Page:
Ever wonder what the difference between a bookkeeper and an accountant is? This is a frequently asked question among small business owners! Do you need a bookkeeper, an accountant, or maybe both? Read on to find out.
As someone who has some crossover skills myself, I am often called upon to answer this question for prospective clients.
First, I’d like to point out that these terms frequently relate to a job title and not necessarily a skill level. For example, I am an accountant by training; I have a Bachelor’s Degree and 20 years in governmental accounting. I choose to do bookkeeping because I love to help business owners by relieving that day-to-day stress.
I haven’t found a need to sit for the Certified Public Accounting exam with my career trajectory and therefore don’t have the CPA designation. In many states, Texas being one, a person cannot use the term accountant without having the CPA designation.
Now, you may find an accountant/CPA who *also* offers bookkeeping services. However, frequently, businesses end up paying a higher price for the bookkeeping in that case since that isn’t their firm’s primary focus.
Or you may find a bookkeeper who also does taxes. This can seem like a great idea; however, I have two main caveats for you to consider: First, it behooves a small business to have a second set of eyes on your financials. After all, we are human, and mistakes happen, but we can catch them faster with a check and balance system. Second, tax preparation is a world of its own and requires a great deal of time and study to keep up with the ever-changing tax code. I personally prefer that my tax preparer be an expert in that arena and, therefore, likely won’t also be providing ongoing bookkeeping.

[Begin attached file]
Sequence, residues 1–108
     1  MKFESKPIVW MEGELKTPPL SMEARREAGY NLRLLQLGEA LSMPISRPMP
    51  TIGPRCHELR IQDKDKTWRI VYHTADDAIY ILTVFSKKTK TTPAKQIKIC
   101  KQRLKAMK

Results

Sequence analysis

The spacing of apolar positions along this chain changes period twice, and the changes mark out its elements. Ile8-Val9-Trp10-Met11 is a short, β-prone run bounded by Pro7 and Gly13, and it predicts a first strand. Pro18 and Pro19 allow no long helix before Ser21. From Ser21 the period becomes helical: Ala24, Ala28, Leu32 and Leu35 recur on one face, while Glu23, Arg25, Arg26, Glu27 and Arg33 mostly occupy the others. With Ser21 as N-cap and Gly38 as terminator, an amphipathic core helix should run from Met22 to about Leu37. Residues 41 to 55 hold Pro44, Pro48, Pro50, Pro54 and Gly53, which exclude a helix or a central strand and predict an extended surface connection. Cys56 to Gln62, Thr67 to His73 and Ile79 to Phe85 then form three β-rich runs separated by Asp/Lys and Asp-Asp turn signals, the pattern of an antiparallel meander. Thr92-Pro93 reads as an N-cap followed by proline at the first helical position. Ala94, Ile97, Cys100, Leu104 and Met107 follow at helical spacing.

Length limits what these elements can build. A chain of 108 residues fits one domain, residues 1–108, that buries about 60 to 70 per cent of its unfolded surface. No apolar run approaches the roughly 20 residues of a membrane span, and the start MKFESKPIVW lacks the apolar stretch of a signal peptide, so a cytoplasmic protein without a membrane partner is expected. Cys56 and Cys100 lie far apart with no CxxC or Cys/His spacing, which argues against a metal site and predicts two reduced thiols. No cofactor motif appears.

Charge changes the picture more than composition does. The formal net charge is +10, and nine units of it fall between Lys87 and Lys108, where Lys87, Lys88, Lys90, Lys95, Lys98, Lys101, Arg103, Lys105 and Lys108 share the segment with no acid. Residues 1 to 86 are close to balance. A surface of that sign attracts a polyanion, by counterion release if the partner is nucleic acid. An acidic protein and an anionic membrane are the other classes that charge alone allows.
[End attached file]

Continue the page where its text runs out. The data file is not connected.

Many highly-skilled bookkeepers have other certifications or have honed their trade with tons of experience over the years. It is still critically important that your bookkeeper knows the ins and outs of deductible expenses for your particular business, as they are responsible for correctly coding your ledgers all year long.
In the most general sense, you could say that a bookkeeper is responsible for supporting ongoing activities, and an accountant is responsible for supporting strategy and tax planning/preparation. Having both roles on your team is highly beneficial, as their skills and expertise will complement each other to ensure your compliance and advisory are working harmoniously.
UNLESS you find that UNICORN… Then always hire the unicorn!
Sending magical rainbows,